This architecture was designed as one simple space inserted into the natural topography. The structure of the building is clear – the RC body inserted into the ground follows the terrain of the site and the the timber constructed single pitch roof sits on top. The horizontal load such as the earthquake and the wind is absorbed by the RC, and the vertical loads are spread across the timber elements. It was ensured there are no bracings to the timber structure so the openness of the perimeter of the building is enhanced.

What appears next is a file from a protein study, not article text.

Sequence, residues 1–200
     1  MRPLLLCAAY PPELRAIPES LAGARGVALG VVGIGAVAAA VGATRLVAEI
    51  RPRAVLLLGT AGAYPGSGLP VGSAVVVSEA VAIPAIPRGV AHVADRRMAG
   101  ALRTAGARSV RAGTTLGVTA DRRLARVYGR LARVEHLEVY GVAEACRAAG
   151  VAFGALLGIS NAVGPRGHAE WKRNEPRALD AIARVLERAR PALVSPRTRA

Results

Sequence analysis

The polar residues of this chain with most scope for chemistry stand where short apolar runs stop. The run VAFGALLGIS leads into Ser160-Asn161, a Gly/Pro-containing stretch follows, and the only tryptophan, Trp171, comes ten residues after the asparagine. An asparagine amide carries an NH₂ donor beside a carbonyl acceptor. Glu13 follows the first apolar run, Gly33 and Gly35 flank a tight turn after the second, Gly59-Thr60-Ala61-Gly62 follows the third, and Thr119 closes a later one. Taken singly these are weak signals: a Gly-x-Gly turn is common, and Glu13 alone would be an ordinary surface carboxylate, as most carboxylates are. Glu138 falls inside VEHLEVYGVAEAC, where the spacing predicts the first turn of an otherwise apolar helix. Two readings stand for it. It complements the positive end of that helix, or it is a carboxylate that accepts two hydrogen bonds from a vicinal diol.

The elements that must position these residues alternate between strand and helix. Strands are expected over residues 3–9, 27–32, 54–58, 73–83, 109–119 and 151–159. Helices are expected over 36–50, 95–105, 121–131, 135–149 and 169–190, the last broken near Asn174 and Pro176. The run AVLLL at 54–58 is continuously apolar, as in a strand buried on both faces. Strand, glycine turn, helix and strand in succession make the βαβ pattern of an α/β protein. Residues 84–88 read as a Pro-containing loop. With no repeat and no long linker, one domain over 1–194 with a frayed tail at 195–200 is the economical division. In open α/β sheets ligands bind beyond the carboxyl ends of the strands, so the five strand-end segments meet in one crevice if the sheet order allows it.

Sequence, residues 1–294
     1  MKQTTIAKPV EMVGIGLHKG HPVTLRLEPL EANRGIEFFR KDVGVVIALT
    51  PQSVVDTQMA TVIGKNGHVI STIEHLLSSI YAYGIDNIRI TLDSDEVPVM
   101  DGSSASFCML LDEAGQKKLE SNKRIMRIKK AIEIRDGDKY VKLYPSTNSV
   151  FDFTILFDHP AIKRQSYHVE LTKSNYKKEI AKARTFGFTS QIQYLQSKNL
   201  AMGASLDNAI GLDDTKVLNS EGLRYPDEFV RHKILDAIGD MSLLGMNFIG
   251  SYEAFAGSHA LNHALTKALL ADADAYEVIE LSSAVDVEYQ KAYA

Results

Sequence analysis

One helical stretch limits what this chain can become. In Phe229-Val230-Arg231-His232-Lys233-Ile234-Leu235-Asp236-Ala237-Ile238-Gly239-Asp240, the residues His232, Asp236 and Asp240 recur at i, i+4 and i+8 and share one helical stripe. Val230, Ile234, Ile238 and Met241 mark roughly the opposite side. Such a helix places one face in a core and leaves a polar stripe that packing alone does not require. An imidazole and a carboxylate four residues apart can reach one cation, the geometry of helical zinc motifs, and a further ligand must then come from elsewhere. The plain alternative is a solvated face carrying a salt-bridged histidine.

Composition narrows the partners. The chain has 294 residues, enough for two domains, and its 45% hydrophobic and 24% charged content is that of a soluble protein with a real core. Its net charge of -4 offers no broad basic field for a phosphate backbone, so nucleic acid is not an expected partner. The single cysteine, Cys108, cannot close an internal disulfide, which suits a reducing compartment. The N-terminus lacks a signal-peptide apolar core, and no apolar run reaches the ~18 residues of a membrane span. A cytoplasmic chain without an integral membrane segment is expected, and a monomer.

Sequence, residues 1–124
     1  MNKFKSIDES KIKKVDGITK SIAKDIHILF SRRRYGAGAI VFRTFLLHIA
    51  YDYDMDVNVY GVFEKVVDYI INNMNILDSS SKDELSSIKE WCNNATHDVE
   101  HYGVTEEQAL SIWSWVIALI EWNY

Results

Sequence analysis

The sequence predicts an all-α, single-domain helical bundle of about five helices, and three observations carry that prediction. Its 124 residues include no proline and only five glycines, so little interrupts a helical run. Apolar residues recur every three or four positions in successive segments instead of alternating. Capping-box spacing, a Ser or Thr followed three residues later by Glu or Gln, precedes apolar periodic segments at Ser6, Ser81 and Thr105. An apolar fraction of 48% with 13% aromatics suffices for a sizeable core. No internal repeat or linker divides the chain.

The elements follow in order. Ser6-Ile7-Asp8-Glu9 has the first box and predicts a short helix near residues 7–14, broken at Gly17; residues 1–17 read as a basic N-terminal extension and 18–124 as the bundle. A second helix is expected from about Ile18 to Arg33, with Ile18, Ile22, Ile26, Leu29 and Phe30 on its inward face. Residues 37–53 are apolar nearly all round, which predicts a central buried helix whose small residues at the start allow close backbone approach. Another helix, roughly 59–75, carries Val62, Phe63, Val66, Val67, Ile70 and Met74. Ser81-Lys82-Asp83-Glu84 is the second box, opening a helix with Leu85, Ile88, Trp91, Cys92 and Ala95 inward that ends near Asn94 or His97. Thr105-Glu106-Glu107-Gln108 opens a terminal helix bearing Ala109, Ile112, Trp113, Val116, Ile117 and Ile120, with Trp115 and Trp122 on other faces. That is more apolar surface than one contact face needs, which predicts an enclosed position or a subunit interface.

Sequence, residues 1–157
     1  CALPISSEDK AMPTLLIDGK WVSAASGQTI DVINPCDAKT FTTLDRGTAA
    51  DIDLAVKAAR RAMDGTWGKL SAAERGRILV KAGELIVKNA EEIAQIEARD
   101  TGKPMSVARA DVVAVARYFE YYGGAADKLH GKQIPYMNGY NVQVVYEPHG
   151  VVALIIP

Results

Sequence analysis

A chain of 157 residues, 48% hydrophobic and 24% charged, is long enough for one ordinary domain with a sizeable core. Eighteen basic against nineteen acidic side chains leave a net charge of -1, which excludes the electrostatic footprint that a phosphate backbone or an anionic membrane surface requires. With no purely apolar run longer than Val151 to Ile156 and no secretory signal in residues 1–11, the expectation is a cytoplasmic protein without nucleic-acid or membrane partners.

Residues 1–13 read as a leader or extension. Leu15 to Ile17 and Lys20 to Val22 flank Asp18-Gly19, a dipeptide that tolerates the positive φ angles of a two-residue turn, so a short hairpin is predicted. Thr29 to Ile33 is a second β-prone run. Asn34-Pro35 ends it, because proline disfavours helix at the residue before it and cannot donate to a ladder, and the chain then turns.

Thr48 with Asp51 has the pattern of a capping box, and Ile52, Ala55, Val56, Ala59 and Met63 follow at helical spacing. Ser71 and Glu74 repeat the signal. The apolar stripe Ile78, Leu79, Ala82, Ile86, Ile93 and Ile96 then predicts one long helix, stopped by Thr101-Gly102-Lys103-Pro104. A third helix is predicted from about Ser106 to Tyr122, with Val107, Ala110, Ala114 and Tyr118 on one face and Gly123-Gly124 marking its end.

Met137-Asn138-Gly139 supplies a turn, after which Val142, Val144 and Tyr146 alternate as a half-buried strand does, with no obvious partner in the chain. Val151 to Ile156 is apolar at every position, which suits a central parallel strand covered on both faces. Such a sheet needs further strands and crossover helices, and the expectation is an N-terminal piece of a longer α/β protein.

The park-like site is surrounded by rich greenery. It is situated in adjacent to a regenerated area by the local land readjustment program. The topography and the forest formed by the original ridge and valley lines continued from the Itakaryokuchi are important local memories that have been preserved to date. On the east side of the site sits a regulating reservoir and the west side faces a busy mainline road. The initial key requirement was to retain as much existing trees on site as possible, which was going to be a challenge due to the level changes. An extensive tree survey was carried out, and the strategy for preservation was carefully considered. As a result, the architecture became a long volume spanning along the north/south axis. It was intended that any architectural intervention would be compatible with the green surroundings and thus the main focus during the design process was to ensure the boundary lines of the external and internal spaces are maximizing the sense of aesthetic/spatial continuity. Any elements in the design that would disrupt this were eliminated. The use of timber window/door frames and imbedding the fixed glazing into the structure were simple but important gestures, as well as designing the sliding doors as fully openable. For sites with strict fire protection requirements, the use of timber frames and structural elements are hugely restricted. This project, which the site is not within a fire protection area, was a great opportunity in re-familiarize ourselves the potentials of timber frame architecture.